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Our job as health care professionals is not just to diagnose our patients by applying our scientific knowledge and clinical skills, but also to be the “communicator-in-chief,” “listener-in-chief,” and “reassurer-in-chief.” Any doctor who doesn’t fully grasp this, is not doing the best job they can or being the best doctor they can be. I truly believe that over 90 percent of our everyday job as a physician involves being a good ...

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Health care is a tough job to work in -- whether you are a doctor, nurse or any other professional. We are dealing with matters of life and death, our patients expect (and deserve) the best from us, and we always have a hundred-and-one things to do at the frontlines of medicine. I remember reading somewhere when I was a teenager that a career in medicine would be a “mentally, ...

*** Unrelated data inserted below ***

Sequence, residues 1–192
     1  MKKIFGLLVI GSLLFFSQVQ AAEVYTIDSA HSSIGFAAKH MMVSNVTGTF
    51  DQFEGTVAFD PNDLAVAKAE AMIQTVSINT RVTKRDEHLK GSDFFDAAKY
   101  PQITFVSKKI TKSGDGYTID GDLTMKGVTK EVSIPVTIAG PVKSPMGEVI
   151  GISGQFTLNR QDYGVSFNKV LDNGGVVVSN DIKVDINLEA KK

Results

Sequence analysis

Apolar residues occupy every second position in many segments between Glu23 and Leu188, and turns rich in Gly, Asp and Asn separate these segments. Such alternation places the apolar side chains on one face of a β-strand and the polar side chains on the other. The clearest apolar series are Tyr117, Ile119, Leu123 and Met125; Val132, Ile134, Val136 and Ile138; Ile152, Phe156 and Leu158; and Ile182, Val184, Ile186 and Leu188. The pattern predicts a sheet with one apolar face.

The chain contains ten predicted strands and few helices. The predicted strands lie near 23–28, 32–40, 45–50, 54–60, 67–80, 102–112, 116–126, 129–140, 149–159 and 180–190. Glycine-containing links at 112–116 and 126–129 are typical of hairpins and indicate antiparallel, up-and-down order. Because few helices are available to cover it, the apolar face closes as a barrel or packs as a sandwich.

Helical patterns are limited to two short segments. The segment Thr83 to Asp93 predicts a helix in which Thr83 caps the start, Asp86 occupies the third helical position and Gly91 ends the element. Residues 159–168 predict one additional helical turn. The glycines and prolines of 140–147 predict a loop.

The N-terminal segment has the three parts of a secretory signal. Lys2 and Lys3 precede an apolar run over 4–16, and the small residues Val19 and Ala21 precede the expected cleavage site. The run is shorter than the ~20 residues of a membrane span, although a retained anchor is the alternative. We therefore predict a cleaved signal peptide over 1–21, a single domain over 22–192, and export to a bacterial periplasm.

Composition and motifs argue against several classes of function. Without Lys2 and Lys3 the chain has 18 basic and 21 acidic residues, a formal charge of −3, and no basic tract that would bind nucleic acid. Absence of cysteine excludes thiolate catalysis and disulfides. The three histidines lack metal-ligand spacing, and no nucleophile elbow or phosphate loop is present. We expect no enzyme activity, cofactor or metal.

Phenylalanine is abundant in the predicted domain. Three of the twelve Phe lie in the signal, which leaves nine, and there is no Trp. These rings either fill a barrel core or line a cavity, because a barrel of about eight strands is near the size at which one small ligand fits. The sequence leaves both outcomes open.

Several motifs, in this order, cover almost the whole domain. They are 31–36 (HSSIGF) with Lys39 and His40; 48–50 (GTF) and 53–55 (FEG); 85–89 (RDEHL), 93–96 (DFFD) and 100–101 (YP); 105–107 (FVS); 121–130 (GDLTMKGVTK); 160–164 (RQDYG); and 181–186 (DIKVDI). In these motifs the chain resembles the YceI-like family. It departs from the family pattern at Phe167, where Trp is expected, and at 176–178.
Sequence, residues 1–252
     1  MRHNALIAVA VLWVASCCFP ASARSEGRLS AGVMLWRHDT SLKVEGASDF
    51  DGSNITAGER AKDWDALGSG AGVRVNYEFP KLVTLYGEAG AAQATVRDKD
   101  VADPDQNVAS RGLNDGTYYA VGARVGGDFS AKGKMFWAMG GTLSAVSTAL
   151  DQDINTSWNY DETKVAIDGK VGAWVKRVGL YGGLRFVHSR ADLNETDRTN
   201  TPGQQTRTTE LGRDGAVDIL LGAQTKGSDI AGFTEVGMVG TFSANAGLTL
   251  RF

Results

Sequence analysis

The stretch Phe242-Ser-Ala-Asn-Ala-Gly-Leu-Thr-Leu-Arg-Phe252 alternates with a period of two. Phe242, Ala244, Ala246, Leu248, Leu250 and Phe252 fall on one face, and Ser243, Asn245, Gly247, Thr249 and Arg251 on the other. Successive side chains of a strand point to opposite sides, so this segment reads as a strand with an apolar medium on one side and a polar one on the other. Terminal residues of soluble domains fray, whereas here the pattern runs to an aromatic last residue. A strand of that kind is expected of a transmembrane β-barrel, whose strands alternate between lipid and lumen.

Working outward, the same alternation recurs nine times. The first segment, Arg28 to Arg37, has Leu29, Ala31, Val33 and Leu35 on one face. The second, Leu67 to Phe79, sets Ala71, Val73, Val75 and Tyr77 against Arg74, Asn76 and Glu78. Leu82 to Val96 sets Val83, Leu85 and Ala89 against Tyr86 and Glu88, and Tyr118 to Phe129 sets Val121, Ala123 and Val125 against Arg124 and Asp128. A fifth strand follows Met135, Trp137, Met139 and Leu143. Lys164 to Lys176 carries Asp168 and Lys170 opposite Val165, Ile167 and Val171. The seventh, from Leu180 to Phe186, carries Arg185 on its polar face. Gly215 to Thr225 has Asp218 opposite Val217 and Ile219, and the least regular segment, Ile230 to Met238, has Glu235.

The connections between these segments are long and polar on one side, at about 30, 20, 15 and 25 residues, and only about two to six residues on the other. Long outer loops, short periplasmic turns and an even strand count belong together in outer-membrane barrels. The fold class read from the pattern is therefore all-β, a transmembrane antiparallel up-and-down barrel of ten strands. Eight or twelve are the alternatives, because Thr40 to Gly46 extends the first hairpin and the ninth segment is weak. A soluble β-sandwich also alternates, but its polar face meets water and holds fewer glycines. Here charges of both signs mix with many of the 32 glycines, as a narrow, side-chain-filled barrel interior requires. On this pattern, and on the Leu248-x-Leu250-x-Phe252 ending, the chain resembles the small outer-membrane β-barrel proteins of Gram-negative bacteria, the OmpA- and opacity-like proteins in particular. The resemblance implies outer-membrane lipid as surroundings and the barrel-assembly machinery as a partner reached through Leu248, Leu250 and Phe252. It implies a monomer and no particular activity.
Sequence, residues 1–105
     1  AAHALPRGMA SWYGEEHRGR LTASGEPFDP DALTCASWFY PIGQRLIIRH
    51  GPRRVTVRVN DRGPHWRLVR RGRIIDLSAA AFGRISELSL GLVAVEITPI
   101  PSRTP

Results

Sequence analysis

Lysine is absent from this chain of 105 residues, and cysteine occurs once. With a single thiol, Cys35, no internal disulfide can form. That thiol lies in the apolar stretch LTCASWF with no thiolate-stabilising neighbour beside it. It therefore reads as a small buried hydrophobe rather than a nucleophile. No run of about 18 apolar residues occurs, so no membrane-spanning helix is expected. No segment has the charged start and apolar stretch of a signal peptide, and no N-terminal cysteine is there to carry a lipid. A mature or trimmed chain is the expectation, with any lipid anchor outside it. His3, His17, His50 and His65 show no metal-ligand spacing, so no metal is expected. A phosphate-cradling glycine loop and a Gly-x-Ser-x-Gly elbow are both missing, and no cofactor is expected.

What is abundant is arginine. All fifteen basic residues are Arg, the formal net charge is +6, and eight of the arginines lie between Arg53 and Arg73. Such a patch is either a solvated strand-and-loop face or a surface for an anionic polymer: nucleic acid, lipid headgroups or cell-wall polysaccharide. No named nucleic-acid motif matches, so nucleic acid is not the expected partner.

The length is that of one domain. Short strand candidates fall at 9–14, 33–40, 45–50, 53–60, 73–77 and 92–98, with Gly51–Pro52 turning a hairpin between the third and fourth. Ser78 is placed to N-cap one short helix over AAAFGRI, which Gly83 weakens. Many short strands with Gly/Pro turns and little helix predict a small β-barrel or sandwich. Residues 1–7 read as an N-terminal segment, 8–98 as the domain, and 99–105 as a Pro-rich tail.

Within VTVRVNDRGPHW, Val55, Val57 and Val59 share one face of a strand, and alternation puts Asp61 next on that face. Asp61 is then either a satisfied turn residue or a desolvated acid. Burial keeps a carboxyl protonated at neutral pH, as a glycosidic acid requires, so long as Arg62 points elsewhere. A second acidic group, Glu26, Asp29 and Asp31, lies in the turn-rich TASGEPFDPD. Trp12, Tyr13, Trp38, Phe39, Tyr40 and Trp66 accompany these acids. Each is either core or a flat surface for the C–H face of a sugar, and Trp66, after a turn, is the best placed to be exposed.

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Talk about physician burnout and job dissatisfaction is everywhere right now. If you are a doctor, you cannot escape the news. Within the last couple of weeks, organizations in Massachusetts (a mecca of healthcare and hospitals) declared physician burnout a “major public health crisis.” This all sounds rather dramatic. On the surface, physicians are reasonably well paid, still enjoy a good degree of autonomy (certainly compared with many other ...